Almost every aspect of a business is open to data collection, be it web server logs, tweet streams, IoT sensors, online transactions, or some other source. Data science provides techniques to extract useful information from this data and thus generate added value
The question facing every company, startup, and non-profit that wants to attract a community in the modern era is how to use data effectively. Using data effectively requires something different from traditional statistics; namely an interdisciplinary approach that involves elements of statistics, computer science, and domain expertise. Data science is the methodology that synthesises these three domains.
In essence, data science is about the extraction of useful information and knowledge from large volumes of data, in order to improve business decision-making (Provost & Fawcett, 2013). With improved decision making comes improved productivity, market value, and competitive edge. Thus the main goal of data science is to enable data-driven decision making across the whole company, where decisions are based on the analysis of data rather than pure intuition.
Learning objectives of the course
This module provides students with a hands-on introduction to the methods of data science, with an emphasis on applying these methods to solve business problems. By the end of this course, it is expected that students will:
Know how to approach business problems from a data science perspective;
Understand the fundamental principles behind extracting useful knowledge from data;
Understand the core concepts and terminology of machine learning;
Gain hands-on experience with mining data for insights.
Throughout the course, students will also have the opportunity to learn several technical skills:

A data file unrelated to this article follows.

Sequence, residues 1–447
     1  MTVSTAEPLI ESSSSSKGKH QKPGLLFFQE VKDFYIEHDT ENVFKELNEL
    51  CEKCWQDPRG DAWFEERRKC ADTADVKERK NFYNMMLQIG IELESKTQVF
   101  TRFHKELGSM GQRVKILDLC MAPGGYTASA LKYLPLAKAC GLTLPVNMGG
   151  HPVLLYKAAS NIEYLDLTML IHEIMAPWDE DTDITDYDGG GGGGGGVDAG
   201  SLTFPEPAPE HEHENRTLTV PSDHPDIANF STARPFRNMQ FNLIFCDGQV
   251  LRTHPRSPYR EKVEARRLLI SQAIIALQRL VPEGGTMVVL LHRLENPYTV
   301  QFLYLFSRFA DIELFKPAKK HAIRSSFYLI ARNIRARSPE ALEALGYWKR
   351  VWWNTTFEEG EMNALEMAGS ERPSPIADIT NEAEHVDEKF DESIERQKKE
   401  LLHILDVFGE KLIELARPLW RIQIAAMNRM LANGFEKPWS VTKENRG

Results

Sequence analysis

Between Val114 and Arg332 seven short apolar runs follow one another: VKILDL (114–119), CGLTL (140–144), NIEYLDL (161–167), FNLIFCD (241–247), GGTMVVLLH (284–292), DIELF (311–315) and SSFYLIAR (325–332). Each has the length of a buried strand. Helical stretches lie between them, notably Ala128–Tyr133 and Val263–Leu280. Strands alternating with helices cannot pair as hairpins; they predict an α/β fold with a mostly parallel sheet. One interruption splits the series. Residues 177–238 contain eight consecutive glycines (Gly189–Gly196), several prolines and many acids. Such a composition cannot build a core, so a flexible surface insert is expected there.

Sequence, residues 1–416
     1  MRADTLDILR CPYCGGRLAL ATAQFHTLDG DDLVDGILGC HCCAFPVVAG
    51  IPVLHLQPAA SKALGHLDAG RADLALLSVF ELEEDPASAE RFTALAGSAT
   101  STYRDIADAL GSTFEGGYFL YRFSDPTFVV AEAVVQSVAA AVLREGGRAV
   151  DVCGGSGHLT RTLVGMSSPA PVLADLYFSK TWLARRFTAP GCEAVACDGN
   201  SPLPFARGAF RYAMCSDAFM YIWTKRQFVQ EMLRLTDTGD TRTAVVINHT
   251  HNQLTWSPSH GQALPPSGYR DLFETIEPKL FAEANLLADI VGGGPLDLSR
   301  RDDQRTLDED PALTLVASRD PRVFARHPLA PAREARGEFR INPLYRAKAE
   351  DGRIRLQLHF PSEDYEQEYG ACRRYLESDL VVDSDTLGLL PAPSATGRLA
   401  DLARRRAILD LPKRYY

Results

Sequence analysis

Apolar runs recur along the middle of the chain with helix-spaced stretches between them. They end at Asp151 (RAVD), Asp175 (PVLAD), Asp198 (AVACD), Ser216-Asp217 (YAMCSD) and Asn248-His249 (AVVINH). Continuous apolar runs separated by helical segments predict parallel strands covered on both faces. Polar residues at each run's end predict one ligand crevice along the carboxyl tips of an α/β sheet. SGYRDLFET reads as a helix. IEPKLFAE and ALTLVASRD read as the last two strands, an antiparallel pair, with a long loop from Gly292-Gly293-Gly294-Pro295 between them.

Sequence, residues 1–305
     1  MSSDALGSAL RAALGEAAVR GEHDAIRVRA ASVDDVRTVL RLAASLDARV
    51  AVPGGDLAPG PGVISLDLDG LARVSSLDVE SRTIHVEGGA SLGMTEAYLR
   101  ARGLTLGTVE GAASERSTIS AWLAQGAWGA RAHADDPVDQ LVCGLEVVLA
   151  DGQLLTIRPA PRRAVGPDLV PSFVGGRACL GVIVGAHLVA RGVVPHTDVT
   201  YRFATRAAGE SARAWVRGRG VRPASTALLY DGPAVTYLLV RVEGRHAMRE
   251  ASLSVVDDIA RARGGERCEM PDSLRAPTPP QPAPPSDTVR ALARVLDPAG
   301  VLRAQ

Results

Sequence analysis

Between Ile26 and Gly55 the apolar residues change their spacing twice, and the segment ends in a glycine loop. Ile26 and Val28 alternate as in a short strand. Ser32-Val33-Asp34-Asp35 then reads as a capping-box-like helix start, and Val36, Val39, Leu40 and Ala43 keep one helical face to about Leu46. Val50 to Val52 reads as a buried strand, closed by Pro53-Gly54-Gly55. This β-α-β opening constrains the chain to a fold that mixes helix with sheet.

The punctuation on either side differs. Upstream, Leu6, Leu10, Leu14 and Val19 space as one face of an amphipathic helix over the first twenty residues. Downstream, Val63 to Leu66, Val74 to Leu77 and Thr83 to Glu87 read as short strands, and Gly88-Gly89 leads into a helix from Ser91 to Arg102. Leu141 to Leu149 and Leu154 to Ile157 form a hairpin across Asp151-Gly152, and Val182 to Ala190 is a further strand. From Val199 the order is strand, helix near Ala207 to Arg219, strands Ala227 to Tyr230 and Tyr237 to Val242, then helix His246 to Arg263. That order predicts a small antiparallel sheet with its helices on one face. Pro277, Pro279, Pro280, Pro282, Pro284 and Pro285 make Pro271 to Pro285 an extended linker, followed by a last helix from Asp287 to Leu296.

Python programming and experience with the core libaries for data analysis, visualisation, and modelling.
Working with data: collecting, cleaning, and transforming.
Creating and interpreting descriptive statistics.
Creating and interpreting data visualisations.
Practical experience with machine learning.
Lesson 1.1 - The Big Picture
By the end of this course you will:
• Know how to approach business problems from a data science perspective
• Understand the fundamental principles behind extracting useful knowledge from data
• Gain hands-on experience with mining data for insights
In this course you are going to learn several skills:
• Python programming and core libraries for data analysis, visualisation, and modelling
• Working with data: collecting, cleaning, transforming
• Creating and interpreting descriptive statistics
• Creating and interpreting data visualisations
• Creating statistical models for inference
• Practical machine learning
What is Data Science?
Data science is about the extraction of useful information and knowledge from large volumes of data, in order to improve business decision-making
Is an interdisciplinary subject with 3 key areas:
• Computer science
• Domain expertise
Why is Data Science Important?
In the past, data analysis was typically slow: needed teams of statisticians, analysts etc to explore data manually
Today: volume, velocity, and variety make manual analysis impossible …
… but fast computers and good algorithms allow much deeper analyses than before )
--> data-driven decision making
--> base decisions on analysis of data, not intuition
How is data science performed?
• Iterative process • Non-sequential • Early termination • Established processes, e.g. CRISP-DM (https://bit.ly/1tX6508)
Typical data science work flow
Raw data, little value --> Data exploration --> Model building and analysis --> Reporting, Automation
Lesson 1.2 - Machine Learning
What is machine learning really?
Artificial Intelligence: A program that can sense, reason, act and adapt--> 1950s: creation of first “intelligent” algorithms and programs
Machine Learning: Algorithms whose performance improve as they are exposed to more data over time --> 1980s: statistical models and algorithms that can learn from data
Deep Learning: Subset of machine learning in which multilayered neural networks learn from vast amounts of data --> 2010s: statistical models and algorithms inspired by neurones that can learn from data